As with most wine regions in Europe, in St. Joseph there is a tension between the old and the new. At what point does a producer cease being traditional and become modern? One point of comparison might be to look at vinification practices, but who is to say when any one technique bridges the purportedly vast gap between memory and anticipation.
When History Becomes Modern
If Domain Courbis attains venerability with its history dating back to the 16th century, then Domaine Yves Couilleron must look elsewhere for like wisdom. Within itself the Domaine lives its own tradition, with its oldest syrah vines being planted in the time of Yves’ grandfather in the 1930’s and 40’s. If we see things from the vine’s perspective – the oldest vines in the world top out at around 100 years – wisdom and time acquire a different meaning. And, indeed, the Marsanne vines for this wine were planted in 1967, thus sitting comfortably amongst the most venerable of its peers.
So what makes Yves ‘modern’ in the eyes of critics? Perhaps because his partnership with Pierre Gaillard and Francois Villard in planting old vineyards and focusing on fruit has earned him and his partners the reputation of New World influenced upstarts. Gaillard, for instance, was the first in the Northern Rhone to use oak for his whites. It could also be because he carries an American style passion for inventiveness and risk – which could also be why he is shaking up the region and helping to breath new life into some underdog styles, such as this white St. Joseph.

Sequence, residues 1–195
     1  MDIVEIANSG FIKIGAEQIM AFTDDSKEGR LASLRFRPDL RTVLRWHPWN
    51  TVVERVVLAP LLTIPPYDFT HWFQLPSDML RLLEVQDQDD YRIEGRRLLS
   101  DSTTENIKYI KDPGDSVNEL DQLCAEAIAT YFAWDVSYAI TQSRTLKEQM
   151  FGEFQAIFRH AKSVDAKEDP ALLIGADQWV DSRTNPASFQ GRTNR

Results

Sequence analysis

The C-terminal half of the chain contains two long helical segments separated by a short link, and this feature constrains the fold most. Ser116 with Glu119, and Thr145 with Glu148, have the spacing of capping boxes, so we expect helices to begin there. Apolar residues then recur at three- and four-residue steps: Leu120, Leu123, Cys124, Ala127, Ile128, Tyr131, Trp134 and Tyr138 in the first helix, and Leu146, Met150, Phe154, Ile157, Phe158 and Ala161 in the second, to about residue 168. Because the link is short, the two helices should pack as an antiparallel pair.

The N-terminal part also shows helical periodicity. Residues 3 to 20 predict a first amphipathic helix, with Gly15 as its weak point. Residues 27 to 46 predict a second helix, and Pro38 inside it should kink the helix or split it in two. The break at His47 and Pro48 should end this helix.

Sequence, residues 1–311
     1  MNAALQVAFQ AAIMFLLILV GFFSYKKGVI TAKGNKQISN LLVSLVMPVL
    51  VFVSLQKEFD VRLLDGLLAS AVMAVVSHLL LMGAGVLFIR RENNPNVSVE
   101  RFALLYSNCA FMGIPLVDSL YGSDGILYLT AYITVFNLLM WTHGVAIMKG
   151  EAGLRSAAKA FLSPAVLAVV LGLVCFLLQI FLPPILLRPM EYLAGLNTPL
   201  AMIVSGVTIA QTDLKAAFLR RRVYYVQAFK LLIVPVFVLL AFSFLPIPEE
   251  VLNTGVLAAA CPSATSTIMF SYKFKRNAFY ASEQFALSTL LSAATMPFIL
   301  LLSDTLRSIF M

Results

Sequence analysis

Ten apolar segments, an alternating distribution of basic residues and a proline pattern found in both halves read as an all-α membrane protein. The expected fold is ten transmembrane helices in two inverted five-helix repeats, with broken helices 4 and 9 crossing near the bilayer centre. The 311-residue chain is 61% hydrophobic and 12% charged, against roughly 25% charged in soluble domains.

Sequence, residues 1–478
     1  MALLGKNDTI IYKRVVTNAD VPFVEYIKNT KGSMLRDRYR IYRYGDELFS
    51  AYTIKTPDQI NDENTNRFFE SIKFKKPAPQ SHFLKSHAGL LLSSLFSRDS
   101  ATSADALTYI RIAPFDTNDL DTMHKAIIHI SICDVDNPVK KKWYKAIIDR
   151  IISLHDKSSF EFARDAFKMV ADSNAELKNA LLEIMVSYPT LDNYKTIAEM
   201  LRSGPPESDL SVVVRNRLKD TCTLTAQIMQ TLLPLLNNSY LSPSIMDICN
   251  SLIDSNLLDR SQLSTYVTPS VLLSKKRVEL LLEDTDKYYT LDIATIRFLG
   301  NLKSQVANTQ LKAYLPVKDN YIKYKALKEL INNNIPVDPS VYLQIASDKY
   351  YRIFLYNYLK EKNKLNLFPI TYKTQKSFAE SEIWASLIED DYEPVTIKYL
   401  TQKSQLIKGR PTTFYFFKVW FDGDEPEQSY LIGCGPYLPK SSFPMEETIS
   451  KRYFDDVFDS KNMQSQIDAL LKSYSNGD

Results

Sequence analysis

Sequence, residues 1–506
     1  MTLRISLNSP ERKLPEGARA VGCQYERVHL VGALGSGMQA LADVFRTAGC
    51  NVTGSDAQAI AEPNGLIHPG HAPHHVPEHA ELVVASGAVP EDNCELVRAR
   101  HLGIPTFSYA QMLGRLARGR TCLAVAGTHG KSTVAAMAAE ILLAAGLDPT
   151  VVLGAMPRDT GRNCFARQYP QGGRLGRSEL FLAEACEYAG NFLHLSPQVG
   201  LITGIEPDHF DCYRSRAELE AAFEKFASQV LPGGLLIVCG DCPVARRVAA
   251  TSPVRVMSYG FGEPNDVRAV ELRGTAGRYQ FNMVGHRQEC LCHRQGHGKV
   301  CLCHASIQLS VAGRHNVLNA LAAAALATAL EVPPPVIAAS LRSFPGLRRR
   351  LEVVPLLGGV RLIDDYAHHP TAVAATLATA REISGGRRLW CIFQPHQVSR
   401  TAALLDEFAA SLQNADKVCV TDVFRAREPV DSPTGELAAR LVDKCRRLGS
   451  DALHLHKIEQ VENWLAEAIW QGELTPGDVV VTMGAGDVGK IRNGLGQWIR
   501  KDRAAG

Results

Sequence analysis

When is a Wine Natural? And Does it Matter?
There is much talk these days of ‘natural’ wine making. For Yves, ‘natural’ must be considered in context. If, for example, he eliminated all weed killing chemicals, he would have to increase his work force and increase the price of his wines about 35%. He feels this is untenable in the current economic climate. Furthermore, while he likes to use only natural yeasts, he does find that he cannot make his white wines dry without the addition of yeast towards the end of fermentation.
The question some might ask, then, is at what point do his wines cease being ‘natural’? For Yves, on the other hand, he is simply attempting to add his touch to wines so they can best express their terroir. He believes that the 6-7 grams of residual sugar that would result in naturally fermented whites would mask the terroir of the various plots in St. Joseph from which he makes his wine.
He also cask ferments his whites, using 25% new oak, but does not stir the lees. The fermentation lasts up to four weeks, to fully maximize the sugar in the fruit, which is often picked fairly late.
A Taste of the New
The Lombard, pure Marsanne, presents itself in the glass with a deep rich golden-hued yellow. The nose provides honey, toast, apples, and a hint of quince. One simply feasts on the palate, with its honey-apple spice and lonely rocky undertones. A delicate and structured wine, the Lombard is also elegant while holding more weight on the palate than the Courbis. I suppose if the Courbis is ‘traditional’, then this is ‘modern’ St. Joseph – but the differences are all those of perspective as both wines are delicious.
$45 at Marquis Wine Cellars